Table of Contents
Photo: ‘The Boys’
Back in the Saddle Without Missing a Beat
A popular theme over the course of the past year has been getting re-acclimated with the shows we last saw before the Pandemic changed everything. ‘The Boys’, the smash Amazon hit, is in that exact category with its second season having wrapped at the end of 2019 right before the world shut down for the first time.
The show is at times a difficult watch due to its graphic and gory nature, but has found itself successful due to its incredibly smart writing. Based on a graphic novel of the same name and produced by the magical team of Evan Goldberg and Seth Rogen at their Point Grey Pictures, ‘The Boys’ is truly an original show unlike any other on TV. The story is set in a fictional but very well-developed universe where superheroes are real. A wild but amazing concept that gives way to a vast and complex world where questions are asked about the morals and ethics of being a real-life superhero comes into play. Things such as the fame they would experience as being bigger than our biggest stars and collateral damage in the way of property damage and bystander deaths are tackled throughout the series.
The show follows the lives of a team of normal non-super humans led by Karl Urban’s Billy Butcher who is dedicated to both exposing superheroes for the damage they cause and taking them down for the crimes they commit. Each member of the team, including Jack Quaid’s Hughie Campbell who’s the newest and most hesitant member of the team, has had their lives personally impacted by the “work” of the superheroes in the universe. This helps to make each character’s journey much more compelling as they fight to take down the supers who are held up as gods amongst us.
Season 3 picks up right at the conclusion of the 2nd season’s events where we saw the team fighting against the “supes” trying to do it outside the shadows now in a more legitimate manner by working directly with the government. A true testament to Eric Kripke, the show’s creator, and the rest of the writing staff’s talent and ability to evolve the storyline. With such a vast and interesting universe they are able to dive in and continue to develop layers and backstory for all of the different characters, supes included. They’ve been able to create what is in my opinion one of the most interesting and thought-provoking shows on “television.” While on its surface the show seems like a battle of the classic good versus evil with an amazing amount of action and blood and guts mixed in, the show is much deeper than that. It seeks to explain celebrity culture and our infatuation and obsession with our own version of these supes. How corporations and greed control American interest and any infractions or illegal dealings are dealt with a minor slap on the wrist.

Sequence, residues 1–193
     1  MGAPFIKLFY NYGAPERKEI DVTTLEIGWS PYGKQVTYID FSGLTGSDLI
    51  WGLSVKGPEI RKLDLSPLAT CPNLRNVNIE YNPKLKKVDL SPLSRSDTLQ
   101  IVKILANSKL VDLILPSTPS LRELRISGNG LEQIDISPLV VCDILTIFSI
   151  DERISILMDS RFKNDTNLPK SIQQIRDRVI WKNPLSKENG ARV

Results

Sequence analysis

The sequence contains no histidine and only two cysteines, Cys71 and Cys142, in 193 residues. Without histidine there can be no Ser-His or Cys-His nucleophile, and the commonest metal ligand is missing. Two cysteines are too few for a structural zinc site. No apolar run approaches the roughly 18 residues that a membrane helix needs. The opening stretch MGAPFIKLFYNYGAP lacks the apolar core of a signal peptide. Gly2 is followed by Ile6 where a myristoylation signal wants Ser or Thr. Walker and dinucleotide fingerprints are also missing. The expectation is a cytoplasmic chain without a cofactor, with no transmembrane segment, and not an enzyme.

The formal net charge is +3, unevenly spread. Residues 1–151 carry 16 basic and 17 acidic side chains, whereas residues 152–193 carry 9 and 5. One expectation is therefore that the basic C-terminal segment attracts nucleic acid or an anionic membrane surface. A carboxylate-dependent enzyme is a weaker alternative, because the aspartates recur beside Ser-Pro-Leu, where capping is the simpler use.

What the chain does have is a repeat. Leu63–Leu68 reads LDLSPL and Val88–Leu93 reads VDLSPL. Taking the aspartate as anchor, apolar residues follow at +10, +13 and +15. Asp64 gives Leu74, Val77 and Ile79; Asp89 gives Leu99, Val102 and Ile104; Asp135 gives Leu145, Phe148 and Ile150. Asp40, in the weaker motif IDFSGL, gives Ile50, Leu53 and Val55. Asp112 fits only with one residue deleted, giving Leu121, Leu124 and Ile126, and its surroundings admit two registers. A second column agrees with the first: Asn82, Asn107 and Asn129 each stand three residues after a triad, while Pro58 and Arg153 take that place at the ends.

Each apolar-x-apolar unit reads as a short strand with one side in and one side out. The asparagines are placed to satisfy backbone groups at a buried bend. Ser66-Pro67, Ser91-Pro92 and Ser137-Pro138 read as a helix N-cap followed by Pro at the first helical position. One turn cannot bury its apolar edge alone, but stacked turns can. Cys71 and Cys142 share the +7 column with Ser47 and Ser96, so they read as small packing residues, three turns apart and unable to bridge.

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The central theme of the show really revolves around the idea of who could possibly police and keep these supes in order? Anthony Starr’s character, “Homelander”, a mashup of Captain America and Superman perfectly personifies this notion. As the blonde-haired and blue-eyed face of the super team referred to as “The Seven”, he is an invincible force able to kill and take whatever he wants and has never heard the word “no.” Homelander would find himself the perfect poster boy candidate for the modern-day Republican party.
‘The Boys’ – Roles of a Lifetime